“Shaping Power: Luba Masterworks from the Royal Museum for Central Africa” examines the royal art of the powerful Luba Kingdom, which from 1585-1889 dominated central Africa. Its royal lineage was highly regarded and developed an elaborate artwork to reflect its prestige.
The exhibition includes many objects loaned by the Royal Museum for Central Africa in Belgium, like this mask of a legendary hero. Many of the items depict women. While they didn’t rule, they were considered the spiritual guardians of the kingship and the creators of life. A Luba proverb says, “Men are chiefs in the daytime, but women are chiefs at night.” Among the works of art are masks, headrests, sceptres, thrones and cups.
The new Africa gallery is located next to the Egyptian gallery to highlight the influences the two regions had on one another. In addition to special exhibitions, the gallery will also host the museum’s permanent collection.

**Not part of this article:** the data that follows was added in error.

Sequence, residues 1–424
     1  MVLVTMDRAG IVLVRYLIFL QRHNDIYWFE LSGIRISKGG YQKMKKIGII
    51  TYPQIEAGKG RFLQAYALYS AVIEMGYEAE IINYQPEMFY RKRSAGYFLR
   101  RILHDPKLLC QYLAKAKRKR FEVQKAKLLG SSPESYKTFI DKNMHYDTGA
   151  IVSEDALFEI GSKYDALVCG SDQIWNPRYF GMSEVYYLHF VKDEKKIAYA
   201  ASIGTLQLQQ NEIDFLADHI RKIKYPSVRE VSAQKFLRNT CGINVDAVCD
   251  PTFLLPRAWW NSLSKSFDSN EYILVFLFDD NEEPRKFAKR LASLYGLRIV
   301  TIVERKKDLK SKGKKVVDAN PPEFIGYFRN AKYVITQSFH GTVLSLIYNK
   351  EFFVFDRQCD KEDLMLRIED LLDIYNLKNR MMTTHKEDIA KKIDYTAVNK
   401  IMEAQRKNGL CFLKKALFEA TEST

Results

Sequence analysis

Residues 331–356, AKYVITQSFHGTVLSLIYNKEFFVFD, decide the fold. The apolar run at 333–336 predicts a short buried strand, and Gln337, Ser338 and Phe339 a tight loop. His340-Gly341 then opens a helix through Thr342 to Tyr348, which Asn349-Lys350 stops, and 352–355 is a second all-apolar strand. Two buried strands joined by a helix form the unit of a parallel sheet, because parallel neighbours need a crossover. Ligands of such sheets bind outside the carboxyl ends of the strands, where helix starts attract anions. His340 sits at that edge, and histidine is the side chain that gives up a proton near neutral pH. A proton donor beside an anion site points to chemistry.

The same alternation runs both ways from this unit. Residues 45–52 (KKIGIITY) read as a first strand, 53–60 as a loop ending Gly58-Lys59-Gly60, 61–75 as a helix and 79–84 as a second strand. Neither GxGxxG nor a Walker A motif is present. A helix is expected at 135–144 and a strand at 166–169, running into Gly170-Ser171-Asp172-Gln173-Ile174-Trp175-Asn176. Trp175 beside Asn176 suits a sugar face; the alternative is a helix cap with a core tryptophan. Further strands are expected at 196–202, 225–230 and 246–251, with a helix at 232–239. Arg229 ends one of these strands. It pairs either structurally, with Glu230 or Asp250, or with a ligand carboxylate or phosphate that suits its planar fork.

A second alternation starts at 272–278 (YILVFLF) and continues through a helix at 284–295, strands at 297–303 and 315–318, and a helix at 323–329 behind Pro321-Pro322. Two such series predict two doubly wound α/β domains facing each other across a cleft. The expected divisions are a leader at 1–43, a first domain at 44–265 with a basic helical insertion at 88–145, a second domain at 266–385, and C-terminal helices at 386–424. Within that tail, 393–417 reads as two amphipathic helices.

“Shaping Power: Luba Masterworks from the Royal Museum for Central Africa” runs until January 5, 2014.
One of the more interesting sites of the modern world meeting up with the prehistoric one that I’ve ever seen is in the section of Los Angeles where the Rancho La Brea Tar Pits are within walking distance of the Los Angeles County Museum of Art and high rise buildings. The prehistoric dates back to 40,000 years according to the oldest bone fragment found in the pits.
Recently, the La Brea Tar Pits have shown up on the radar screen of interesting facts. If you’ve ever been there, you’ve seen the black tar bubble and perhaps thought about the animals trapped here before the last Ice Age. Bones of 600 animals have been recovered and are on display in at the Page Museum La Brea Tar Pits at the site. Dire wolfs, saber-toothed cats, Shasta ground sloths, a Columbian mammoth and an American mastodon are part of the bounty. The reason why there are so many? Think food chain. One sloth gets stuck and along comes a dire wolf to get dinner. Then comes the saber-tooth and so on.
Turns out the bubbling is caused by bacteria and not oil production that was thought to be happening 1,000 feet below the sticky, black goo. The bacteria feeds on the petroleum of this natural asphalt at the site and burp methane gas.